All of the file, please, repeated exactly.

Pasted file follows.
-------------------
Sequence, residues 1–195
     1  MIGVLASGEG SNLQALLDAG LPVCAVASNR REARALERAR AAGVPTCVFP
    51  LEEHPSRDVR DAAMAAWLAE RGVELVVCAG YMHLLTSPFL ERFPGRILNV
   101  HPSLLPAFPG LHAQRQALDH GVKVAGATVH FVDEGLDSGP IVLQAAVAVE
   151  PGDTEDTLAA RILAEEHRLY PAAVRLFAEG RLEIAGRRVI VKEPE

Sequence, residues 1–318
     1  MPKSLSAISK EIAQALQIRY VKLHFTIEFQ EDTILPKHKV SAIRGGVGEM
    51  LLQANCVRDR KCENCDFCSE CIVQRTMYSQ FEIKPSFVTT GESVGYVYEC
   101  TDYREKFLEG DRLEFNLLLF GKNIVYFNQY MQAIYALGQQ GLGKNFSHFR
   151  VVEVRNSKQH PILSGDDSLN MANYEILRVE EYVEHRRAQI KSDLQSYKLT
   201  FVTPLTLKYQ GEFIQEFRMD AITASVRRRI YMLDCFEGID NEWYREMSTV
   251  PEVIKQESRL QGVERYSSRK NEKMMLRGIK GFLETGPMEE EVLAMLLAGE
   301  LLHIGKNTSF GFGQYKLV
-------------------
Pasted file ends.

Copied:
Sequence, residues 1–195
     1  MIGVLASGEG SNLQALLDAG LPVCAVASNR REARALERAR AAGVPTCVFP
    51  LEEHPSRDVR DAAMAAWLAE RGVELVVCAG YMHLLTSPFL ERFPGRILNV
   101  HPSLLPAFPG LHAQRQALDH GVKVAGATVH FVDEGLDSGP IVLQAAVAVE
   151  PGDTEDTLAA RILAEEHRLY PAAVRLFAEG RLEIAGRRVI VKEPE

Sequence, residues 1–318
     1  MPKSLSAISK EIAQALQIRY VKLHFTIEFQ EDTILPKHKV SAIRGGVGEM
    51  LLQANCVRDR KCENCDFCSE CIVQRTMYSQ FEIKPSFVTT GESVGYVYEC
   101  TDYREKFLEG DRLEFNLLLF GKNIVYFNQY MQAIYALGQQ GLGKNFSHFR
   151  VVEVRNSKQH PILSGDDSLN MANYEILRVE EYVEHRRAQI KSDLQSYKLT
   201  FVTPLTLKYQ GEFIQEFRMD AITASVRRRI YMLDCFEGID NEWYREMSTV
   251  PEVIKQESRL QGVERYSSRK NEKMMLRGIK GFLETGPMEE EVLAMLLAGE
   301  LLHIGKNTSF GFGQYKLV